This book investigates the concept of procedural autonomy of Member States in the light of EU law. Does procedural autonomy still adequately describe the powers of national lawmakers and courts to design their civil procedural systems or is it misleading? For the last few decades, Europe has been in a period of increasing Europeanisation of civil procedure. Increased powers of the EU have resulted in hard law, case law and soft law that regulate many types of domestic and cross-border civil cases. These rules have both direct and indirect implications for national procedural law.
Gaining insights from selected European jurisdictions (Belgium, England and Wales, Finland, Germany, The Netherlands, Norway, Poland, Slovenia, Spain, and Sweden), this book explores the concept of procedural autonomy from different angles: Is procedural autonomy an adequate term? How is procedural autonomy understood nationally, and is there variation among the Member States? Do some types of EU law or specific characteristics of EU civil procedural law restrain procedural autonomy more than other? How can these differences be explained and is it possible to identify the sources causing such discrepancies?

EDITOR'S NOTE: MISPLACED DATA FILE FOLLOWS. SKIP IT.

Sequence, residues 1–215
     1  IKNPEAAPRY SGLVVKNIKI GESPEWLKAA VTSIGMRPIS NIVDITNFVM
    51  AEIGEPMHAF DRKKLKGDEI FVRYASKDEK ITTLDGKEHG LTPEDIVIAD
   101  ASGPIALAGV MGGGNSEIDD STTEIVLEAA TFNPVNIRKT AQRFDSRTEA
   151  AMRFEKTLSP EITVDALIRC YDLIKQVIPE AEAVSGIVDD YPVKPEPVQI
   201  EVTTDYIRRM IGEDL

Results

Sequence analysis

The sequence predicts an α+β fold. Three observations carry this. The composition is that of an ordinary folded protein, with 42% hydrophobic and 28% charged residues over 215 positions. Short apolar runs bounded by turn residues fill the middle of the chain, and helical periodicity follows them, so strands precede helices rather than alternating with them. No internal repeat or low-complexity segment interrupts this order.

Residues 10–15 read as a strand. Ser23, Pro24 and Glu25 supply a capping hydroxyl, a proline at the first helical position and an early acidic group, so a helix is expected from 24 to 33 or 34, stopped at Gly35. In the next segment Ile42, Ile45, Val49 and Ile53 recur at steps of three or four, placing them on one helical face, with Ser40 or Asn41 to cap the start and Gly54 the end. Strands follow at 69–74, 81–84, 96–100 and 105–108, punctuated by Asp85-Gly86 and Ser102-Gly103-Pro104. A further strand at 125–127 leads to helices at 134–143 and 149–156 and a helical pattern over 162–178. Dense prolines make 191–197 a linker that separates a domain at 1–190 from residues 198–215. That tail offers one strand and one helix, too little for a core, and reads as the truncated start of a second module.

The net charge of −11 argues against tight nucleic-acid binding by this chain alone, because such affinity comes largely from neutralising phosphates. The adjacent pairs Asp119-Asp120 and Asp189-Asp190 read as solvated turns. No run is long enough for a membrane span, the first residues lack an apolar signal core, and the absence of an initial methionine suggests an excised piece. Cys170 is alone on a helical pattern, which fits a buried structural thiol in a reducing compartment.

Procedural Autonomy across Europe is a stimulating discussion for lawyers with an interest in civil procedure.
The English Approach to Procedural Autonomy (p. 37)
The Finnish Way of Understanding Procedural Autonomy: A Practical Approach to Implementing EU Civil Procedural Law (p. 57)
A German Perspective on the Waning Procedural Autonomy in Civil Matters: Who is Afraid of European Civil Procedure? (p. 81)
Procedural Autonomy, the EEA Agreement and Norwegian Law: The Art of Bridging a Gap and Maintaining it Too (p. 119)Anna Nylund
A Polish Perspective on Collective Civil Proceedings: Reluctance to Follow EU Recommendations? (p. 139)
Autonomy of the Spanish Legislator in the Regulation of Procedural: The Borders of European Case Law (p. 183)
Procedural Autonomy in Sweden: Is Materielle Prozessleitung the Answer? (p. 203)